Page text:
Birdwatching

June Birds In The Yard

Here in the Midwest, June is one of the really exciting bird months in the yard.   This is prime nesting time for many species of birds.

Orchard Oriole

Many of the year-round birds start nesting before this month, such as bluebirds, robins, house finches, and mourning doves.  But, for those long-distance migrants that arrive in May, June is when they are seriously getting going with raising a family.

What kinds of birds fit this June nesting pattern?  Barn swallows, Orioles, Hummingbirds, Warblers, Wrens, Catbirds, Grosbeaks, Flycatchers, and Buntings are just some of the active nesters this time of year.   Still, the “other” birds can and often are nesting now too.  We have active bluebird and robin nests right now for example.   So, June may be the month of they year when you have the largest variety of birds around!

One thing you might notice, is many birds will often cease singing as much right now making you think they aren’t around.  Nothing can be further from the truth.  Nesting birds need to be careful not to “broadcast” the fact they have a nest to watchful predators.  Singing birds are often males and usually still trying to attract a mate.  You also might observe that behavior too right now.  However, once they have “paired up”, the singing usually ceases.  Exceptions might be birds like Indigo Buntings that will typically continue to sing well into the summer.

One interesting thing to do is pick a nice day around now, find a nice shaded spot to sit and a pair of binoculars, and observe the birds that fly around your yard.  Notice what they are doing and where they are going to and coming from.  You might get lucky and see where an interesting bird may be nesting.  For example, we noticed a pair of Orchard Orioles hanging around a particular lilac bush in our yard on numerous occasions.  (See the picture of a male Orchard) Since our habitat is good for these beautiful members of the blackbird family, we are suspicious they are building a nesting in the lilac.  Unfortunately, our efforts to spot a nest have not been successful – yet.  The point is that birds are experts at locating and hiding the locations of their nests.  So, you may not even know of a nest until the fall when the leaves fall off the tree!

Another thing we’ve learned in watching the yard is how amazing Cedar Waxwings are at knowing exactly when certain berries (their favorite food) are going to ripen.  We have a Serviceberry Tree (also known as Juneberry for when the fruit ripens) that the Waxwings absolutely love.   These beautiful birds are notorious wanderers and highly social, and often travel around in small groups or flocks.  Maybe that’s how they find fruit trees?   The more eyes that are looking, the more food they can find collectively.  Anyway, this time of year, we can see them coming and going all day to the tree as more fruit becomes ripe.

If you want to attract even more June birds into the yard, just follow our suggestions on our resource pages on feeding the birds and the use of water and plantings.  Many beautiful bird species aren’t interested in seed at all.  But they will respond readily to water or fruits on shrubs and trees you have planted.   Also, insect eating birds will love your yard if you have a big variety of plantings that provide homes/food for a lot of insect species.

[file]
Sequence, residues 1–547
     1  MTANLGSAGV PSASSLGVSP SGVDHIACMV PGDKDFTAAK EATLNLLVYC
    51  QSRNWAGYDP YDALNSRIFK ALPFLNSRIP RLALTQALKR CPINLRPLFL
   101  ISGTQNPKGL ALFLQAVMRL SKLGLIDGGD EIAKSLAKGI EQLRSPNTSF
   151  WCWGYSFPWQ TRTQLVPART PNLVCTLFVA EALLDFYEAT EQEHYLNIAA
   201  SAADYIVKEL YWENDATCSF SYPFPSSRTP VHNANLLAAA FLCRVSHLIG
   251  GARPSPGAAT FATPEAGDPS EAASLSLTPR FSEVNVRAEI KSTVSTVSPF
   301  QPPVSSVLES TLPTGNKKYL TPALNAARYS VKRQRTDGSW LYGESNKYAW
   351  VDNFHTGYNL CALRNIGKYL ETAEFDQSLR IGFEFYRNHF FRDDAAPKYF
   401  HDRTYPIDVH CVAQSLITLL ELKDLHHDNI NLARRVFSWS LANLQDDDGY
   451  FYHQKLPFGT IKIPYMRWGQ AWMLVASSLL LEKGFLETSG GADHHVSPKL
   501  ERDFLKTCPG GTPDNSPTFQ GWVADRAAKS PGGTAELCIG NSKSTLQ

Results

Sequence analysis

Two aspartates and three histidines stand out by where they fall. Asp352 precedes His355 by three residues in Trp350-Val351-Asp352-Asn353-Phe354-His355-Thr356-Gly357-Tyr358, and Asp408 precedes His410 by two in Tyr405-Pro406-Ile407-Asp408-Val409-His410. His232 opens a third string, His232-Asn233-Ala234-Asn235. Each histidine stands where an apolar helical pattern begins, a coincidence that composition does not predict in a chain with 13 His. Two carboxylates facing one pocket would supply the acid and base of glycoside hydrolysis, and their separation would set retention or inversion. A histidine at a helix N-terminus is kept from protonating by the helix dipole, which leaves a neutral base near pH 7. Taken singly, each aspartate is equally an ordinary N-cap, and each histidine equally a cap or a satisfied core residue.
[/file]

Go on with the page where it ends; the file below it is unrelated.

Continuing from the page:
So, enjoy this fun time of the year in your yard!

May Is Prime Bird Watching Time In The Yard

This is THE most exciting time of the year if you’re a birdwatcher – at least in the northern half of North America.  Backyard BirdwatchingMany of the passerines (songbirds) are migrating through local areas in large numbers.  This offers the best time to see a lot of colorful birds like warblers, tanagers, buntings, grosbeaks, and orioles to name a few species.

Many of these birds are heading toward more northern habitats or higher elevation areas where they breed.  Others will settle down locally to raise their young.  Either way, migration is exhausting for birds, so they’ll be very active looking for food to replenish themselves.  Between this and trees not being completely leafed out yet, the birds will be easier to see.

So, it’s a great idea to keep your bird feeders and bird baths stocked up to help these tired travellers.  And have your binoculars ready to pick up and use at all times.  You can see many different kinds of birds in your yard that may not normally be seen.  The more trees and shrubs you have for shelter and foraging, the more birds you’re likely to spot.

Even if you can’t see these interesting birds all the time, sometimes you’ll be able to identify them by their songs.   Warblers for example often hide in dense cover or up in tree tops.  Plus, they’re very small birds to begin with and are harder to see.  But, as their name implies, they make a variety of warbling, high-pitched songs and calls that alert you to their presence.  Learning bird calls by either buying one of the CD collections or downloading an app for your phone is time well spent.

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Cornell Lab of Ornithology